Simonides of Ceos (; Greek: Σιμωνίδης ὁ Κεῖος; c. 556 – 468 BC) was a Greek lyric poet, born at Ioulis on Ceos. The scholars of Hellenistic Alexandria included him in the canonical list of nine lyric poets, along with Bacchylides (his nephew) and Pindar (reputedly a bitter rival). Both Bacchylides and Pindar benefited from his innovative approach to lyric poetry, and he was more involved than either of them in the major events and personalities of their times. His fame owes much to traditional accounts of his colourful life, as one of the wisest of men, as a greedy miser, as an inventor of a system of mnemonics and also of some letters of the Greek alphabet (ω, η, ξ, ψ). Such accounts include fanciful elements, yet he had a real influence on the sophistic enlightenment of the classical era. His fame as a poet rests largely on his ability to present basic human situations with affecting simplicity. In the words of the Roman rhetorician Quintilian:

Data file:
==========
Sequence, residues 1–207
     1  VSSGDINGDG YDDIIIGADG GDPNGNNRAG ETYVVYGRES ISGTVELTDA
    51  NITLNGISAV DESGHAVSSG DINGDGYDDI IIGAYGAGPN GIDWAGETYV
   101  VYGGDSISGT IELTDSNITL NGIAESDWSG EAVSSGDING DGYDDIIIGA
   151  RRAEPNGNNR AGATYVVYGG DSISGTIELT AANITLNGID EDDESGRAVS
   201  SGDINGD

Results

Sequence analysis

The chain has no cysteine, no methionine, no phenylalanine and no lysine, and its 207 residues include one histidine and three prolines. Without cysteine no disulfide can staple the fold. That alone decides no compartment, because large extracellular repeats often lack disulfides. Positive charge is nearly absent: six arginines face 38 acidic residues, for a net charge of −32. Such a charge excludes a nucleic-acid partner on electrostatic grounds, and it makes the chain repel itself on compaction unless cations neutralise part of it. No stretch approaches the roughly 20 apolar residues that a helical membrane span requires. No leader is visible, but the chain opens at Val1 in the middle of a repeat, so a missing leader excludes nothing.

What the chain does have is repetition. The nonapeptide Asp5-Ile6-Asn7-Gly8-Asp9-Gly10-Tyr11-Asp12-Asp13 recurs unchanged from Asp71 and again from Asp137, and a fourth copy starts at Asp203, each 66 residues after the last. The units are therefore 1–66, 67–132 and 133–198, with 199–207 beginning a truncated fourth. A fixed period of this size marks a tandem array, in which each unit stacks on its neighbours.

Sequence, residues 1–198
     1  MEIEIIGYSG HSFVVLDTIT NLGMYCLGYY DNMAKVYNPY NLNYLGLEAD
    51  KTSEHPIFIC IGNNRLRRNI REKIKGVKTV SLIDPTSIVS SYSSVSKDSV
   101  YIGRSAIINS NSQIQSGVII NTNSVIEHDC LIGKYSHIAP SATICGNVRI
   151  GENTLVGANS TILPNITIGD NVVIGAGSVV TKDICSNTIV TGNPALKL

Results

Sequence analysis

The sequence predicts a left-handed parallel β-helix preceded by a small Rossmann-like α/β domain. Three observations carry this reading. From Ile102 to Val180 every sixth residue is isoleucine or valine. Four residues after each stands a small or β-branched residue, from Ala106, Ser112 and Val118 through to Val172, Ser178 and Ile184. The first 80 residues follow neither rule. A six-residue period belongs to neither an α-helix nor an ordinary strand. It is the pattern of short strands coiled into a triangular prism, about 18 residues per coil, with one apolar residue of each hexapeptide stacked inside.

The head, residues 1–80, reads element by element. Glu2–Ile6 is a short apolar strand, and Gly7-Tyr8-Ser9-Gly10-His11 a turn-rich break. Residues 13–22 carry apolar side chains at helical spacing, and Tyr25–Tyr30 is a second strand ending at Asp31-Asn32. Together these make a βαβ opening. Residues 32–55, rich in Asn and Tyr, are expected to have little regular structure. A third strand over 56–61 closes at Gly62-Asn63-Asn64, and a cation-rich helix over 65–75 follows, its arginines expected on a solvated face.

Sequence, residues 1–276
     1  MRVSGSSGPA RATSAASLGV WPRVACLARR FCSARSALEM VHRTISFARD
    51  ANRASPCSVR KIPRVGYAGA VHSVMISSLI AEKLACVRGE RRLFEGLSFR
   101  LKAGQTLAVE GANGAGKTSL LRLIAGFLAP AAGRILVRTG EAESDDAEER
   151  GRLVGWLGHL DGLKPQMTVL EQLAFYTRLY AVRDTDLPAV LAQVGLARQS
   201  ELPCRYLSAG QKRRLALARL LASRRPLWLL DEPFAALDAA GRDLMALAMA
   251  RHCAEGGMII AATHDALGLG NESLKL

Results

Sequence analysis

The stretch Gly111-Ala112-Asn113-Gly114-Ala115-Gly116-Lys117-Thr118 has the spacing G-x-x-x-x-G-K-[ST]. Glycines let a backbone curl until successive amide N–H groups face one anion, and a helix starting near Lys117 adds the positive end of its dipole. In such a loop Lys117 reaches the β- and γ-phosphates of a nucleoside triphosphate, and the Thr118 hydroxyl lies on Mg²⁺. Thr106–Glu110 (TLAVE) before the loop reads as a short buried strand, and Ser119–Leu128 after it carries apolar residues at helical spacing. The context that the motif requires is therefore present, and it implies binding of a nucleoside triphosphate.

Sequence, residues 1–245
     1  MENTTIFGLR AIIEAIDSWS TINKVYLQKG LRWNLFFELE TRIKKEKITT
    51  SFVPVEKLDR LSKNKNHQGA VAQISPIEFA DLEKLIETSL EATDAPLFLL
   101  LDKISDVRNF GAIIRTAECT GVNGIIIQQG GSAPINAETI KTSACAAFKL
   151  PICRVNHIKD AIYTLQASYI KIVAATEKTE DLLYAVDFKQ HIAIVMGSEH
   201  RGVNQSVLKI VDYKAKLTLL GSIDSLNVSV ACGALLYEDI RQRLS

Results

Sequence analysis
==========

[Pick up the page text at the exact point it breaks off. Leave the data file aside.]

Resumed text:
Simonides has a simple style, but he can be commended for the aptness of his language and for a certain charm; his chief merit, however, lies in the power to excite pity, so much so that some prefer him in this respect to all other writers of the genre.
Today only glimpses of his poetry remain, either in the form of papyrus fragments or quotations by ancient literary figures, yet new fragments continue to be unearthed by archaeologists at Oxyrhynchus. He is included in narratives as diverse as Mary Renault's modern historical novel The Praise Singer (where he is the narrator and main character), Plato's Protagoras (where he is a topic of conversation), and some verses in Callimachus' Aetia (where he is portrayed as a ghost complaining about the desecration of his own tomb in Acragas).